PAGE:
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Preschool Science Activity with the States of Matter


Are you looking for a fun and educational science activity to do with your preschoolers? Learning incorporates more than just reading books or memorizing facts; science activities provide an opportunity to explore, experiment, and discover natural phenomena in engaging ways.

This particular activity teaches preschoolers about the states of matter using simple household items that you probably already have – all while keeping them entertained and engaged! Read on to learn how to conduct this interesting and informative preschool science activity that focuses on the three states of matter: solid, liquid, and gas.

This post includes a Preschool Science Activity for Kids Introducing States of Matter.

Introducing States of Matter to Kids

A wonderful resource for introducing science to kids is a book called Nurturing the Young Scientist: Experiences in Physics for Young Children by Meg Murphy Fedorowicz. Super hands on and concrete ideas! This activity introduces the concept of states of matter and would be great at circle time or in a large group.

States of Matter Science Activity

Gather together with your child or children and…

  1. Ask that they hold hands very tightly and say: “Solids are made of particles that are very close together.”
  2. Then have them stretch their arms while continuing to hold hands and say: “Liquids are made of particles that are further apart.”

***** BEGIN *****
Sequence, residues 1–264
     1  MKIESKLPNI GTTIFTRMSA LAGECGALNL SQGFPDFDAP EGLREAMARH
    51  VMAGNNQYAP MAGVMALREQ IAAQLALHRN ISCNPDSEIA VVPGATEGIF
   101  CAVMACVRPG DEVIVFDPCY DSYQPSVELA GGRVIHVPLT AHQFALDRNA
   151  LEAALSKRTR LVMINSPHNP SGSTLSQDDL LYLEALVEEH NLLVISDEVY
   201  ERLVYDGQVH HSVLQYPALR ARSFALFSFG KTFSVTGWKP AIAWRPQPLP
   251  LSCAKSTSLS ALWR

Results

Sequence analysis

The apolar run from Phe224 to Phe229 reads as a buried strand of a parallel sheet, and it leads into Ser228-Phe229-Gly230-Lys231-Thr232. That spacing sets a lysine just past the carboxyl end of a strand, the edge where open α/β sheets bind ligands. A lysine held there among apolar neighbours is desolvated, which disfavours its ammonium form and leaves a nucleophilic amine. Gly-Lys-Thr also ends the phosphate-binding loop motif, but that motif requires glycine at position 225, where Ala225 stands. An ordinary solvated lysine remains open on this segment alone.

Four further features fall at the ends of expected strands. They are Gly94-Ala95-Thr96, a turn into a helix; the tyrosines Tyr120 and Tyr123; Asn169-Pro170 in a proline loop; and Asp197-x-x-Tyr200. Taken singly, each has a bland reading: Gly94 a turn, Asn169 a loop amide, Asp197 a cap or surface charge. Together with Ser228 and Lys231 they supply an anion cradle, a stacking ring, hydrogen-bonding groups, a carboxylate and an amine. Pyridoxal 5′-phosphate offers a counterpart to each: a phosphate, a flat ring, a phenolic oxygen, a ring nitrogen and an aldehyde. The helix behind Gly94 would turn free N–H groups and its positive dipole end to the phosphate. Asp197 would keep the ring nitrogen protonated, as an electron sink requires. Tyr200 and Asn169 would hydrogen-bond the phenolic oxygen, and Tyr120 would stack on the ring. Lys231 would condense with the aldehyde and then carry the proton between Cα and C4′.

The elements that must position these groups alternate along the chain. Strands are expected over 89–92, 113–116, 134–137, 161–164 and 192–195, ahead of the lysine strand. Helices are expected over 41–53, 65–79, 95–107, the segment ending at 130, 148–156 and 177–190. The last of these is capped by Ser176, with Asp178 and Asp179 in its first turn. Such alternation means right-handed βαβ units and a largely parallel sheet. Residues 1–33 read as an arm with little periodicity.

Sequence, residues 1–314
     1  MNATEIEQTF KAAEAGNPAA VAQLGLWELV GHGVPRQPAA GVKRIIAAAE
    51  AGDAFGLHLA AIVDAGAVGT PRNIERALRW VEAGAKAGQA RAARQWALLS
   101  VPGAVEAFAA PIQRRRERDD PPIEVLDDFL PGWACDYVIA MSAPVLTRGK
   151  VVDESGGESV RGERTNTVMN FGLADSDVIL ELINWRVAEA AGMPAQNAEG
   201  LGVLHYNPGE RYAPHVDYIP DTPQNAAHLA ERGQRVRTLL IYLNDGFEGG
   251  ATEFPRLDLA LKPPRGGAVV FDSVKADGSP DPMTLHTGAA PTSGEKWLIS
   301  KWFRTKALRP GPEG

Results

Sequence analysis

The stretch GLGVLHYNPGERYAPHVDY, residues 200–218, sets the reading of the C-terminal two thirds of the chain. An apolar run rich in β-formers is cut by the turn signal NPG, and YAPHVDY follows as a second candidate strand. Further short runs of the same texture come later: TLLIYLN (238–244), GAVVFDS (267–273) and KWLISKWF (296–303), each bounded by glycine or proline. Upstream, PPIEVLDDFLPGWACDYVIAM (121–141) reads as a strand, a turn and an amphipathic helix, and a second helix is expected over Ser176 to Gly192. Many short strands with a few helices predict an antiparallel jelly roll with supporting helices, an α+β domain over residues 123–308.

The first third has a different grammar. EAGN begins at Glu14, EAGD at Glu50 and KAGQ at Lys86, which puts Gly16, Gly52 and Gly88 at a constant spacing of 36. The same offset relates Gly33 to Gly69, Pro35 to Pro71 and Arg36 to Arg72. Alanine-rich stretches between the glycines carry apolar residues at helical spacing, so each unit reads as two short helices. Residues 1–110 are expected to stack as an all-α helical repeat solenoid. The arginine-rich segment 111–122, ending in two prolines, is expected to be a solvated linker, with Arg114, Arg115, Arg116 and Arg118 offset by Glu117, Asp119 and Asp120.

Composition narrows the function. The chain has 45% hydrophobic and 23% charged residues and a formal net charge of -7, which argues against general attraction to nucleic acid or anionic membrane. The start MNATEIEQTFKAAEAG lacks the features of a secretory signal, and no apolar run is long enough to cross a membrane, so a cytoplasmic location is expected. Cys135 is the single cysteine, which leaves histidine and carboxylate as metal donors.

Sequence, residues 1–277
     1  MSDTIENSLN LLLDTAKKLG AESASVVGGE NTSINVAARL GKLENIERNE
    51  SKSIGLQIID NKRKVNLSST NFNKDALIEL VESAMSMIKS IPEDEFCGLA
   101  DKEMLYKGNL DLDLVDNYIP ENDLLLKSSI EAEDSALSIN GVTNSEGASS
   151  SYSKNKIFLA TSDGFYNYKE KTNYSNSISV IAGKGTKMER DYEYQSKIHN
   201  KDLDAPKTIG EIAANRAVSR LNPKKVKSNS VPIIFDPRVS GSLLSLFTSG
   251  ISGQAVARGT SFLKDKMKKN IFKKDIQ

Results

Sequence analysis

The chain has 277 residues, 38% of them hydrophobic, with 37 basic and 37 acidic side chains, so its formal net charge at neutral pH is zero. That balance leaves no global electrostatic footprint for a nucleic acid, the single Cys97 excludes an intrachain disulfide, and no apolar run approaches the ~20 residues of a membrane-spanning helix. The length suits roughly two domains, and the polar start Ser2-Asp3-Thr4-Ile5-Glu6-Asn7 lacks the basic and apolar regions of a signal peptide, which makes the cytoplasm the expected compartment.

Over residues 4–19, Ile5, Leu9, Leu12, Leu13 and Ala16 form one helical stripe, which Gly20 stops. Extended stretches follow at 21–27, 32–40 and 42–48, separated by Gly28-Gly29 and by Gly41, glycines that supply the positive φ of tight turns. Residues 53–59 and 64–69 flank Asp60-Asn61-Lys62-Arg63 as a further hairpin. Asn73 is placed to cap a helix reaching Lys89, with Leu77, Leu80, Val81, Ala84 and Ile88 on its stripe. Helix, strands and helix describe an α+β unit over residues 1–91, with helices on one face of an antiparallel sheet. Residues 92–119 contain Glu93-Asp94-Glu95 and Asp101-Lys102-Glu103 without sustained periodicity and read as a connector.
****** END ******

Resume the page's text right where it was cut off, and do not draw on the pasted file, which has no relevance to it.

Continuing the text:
3. To end, have the children stand with fingertips lightly touching, barely brushing one another and say: “Gases are made from particles that are barely touching one another.”

Simple Introductory States of Matter Activity

Water is the perfect example of introducing states of matter to kids because it can exist in three different states: liquid, solid & gas. It always has the same chemical properties no matter which state it is in. Plus, there are great hands-on visual ways to demonstrate states of matter using water.


  • Liquid – Run a faucet, look outside on a rainy day or pour a pitcher of water into a glass
  • Solid – Ice is a simple example. We also looked at different types of ice and snow images on Google Images.
  • Gas – This one is fun because gas is invisible so you can’t technically see it. Remind your child of how air exists even though we can’t see it. Ask your child to breath on to his hand a few times slowly: “What do you feel on your hand?” Explain: “The “wetness” is water vapor. We breath water vapor, or a gas.

Changes in States of Matter:

  • Watch an ice cube melt. Do it in person in different temperatures. There are also several YouTube videos of ice melting with a time lapse.
  • Watch steam rise from a pot of boiling water

I have several activities within this area. I hope to get to many of them this winter. I’ll be sure to share with you. In the meantime, you might want to check out:

Thanks for reading! I hope that we inspired you. Please leave a comment! I love hearing from you!


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